How David Bowie’s ‘adoptive’ Jewish family welcomed him to America

David Bowie performing at his final concert as Ziggy Stardust at the Hammersmith Odeon, London, July 3, 1973. (Express/Getty Images)

David Bowie performing at his final concert as Ziggy Stardust at the Hammersmith Odeon, London, July 3, 1973. (Express/Getty Images)

David Bowie didn’t start his first trip to the United States with a drug-filled party or a wild show, but with a quiet evening at the home of a Maryland Jewish family.

The English rocker had just released the album “The Man Who Sold the World,” which built on the success of his popular “Space Oddity” album in Europe. But he wasn’t yet a household name in the States when his first U.S. tour was set to kick off in January 1971.

Bowie’s North American publicist, Ron Oberman of Mercury Records, invited him to stay with his parents in Silver Spring for a night before setting out to play shows in cities from New York to Los Angeles.

Oberman’s younger brother, Michael Oberman, a music journalist for the now-defunct Washington Star who had been writing about Bowie for a few years, picked the rocker up from the airport. Bowie was pre-Ziggy Stardust phase, which was characterized by strange costumes and a mullet of orange hair, but as the younger Oberman recalled to the Washington City Paper, his unorthodox appearance was enough to strand him in customs for four hours.

Michael Oberman had to explain to his parents who Bowie was, but they welcomed him into their home. The Oberman brothers and their parents had drinks with Bowie before heading out to dinner. Where they dined is a matter of historical debate.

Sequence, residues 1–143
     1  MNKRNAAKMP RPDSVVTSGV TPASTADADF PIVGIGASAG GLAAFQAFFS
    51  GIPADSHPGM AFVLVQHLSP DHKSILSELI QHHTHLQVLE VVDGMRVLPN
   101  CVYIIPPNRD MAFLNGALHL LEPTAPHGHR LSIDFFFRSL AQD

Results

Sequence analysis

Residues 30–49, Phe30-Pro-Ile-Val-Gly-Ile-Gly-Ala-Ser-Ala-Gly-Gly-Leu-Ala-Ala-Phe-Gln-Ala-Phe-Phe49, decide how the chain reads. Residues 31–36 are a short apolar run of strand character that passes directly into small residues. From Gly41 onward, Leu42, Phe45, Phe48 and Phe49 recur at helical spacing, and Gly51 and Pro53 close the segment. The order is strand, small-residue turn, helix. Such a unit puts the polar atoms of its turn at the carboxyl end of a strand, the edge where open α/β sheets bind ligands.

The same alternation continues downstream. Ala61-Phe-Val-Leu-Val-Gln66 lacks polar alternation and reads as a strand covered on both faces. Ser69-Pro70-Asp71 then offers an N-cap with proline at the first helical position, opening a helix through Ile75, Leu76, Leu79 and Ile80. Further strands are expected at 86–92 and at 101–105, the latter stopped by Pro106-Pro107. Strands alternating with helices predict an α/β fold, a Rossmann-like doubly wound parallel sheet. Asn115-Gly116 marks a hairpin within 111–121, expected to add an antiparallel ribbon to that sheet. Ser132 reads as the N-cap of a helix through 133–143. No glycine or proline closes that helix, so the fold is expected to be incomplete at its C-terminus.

Oberman recalled that the family took Bowie to a steakhouse, where the rocker’s appearance aroused so much attention that they had to close the curtains around their booth. But biographer Marc Spitz (“Bowie: A Biography,” 2009) has written that the group went to a Jewish deli named Hofberg’s, which was known for its corned beef sandwiches.

Whatever the dining venue, Oberman, who was planning to write a magazine-style piece about the experience, said he ended up talking to Bowie more about theater than music.

“It was part of my job to meet and know these people. It was a rarity to spend that much time with an artist,” Oberman told the Washington City Paper. “It wasn’t an interview, just spending time with him.”

After dinner, Oberman said he took Bowie to his own house in nearby Takoma Park, where they smoked out of a bong (something Bowie had never seen before) and hung out with the band Sky Cobb. According to Oberman, members of the band were rude to Bowie — something they regretted years later when he became an international star.

Spitz’s book says that Bowie went to a house party in Garrett Park, Maryland.

Still, Bowie seems to have enjoyed his time with the Oberman family.

“In one of his biographies, he called my mother his ‘adoptive American mother,’” Oberman said.

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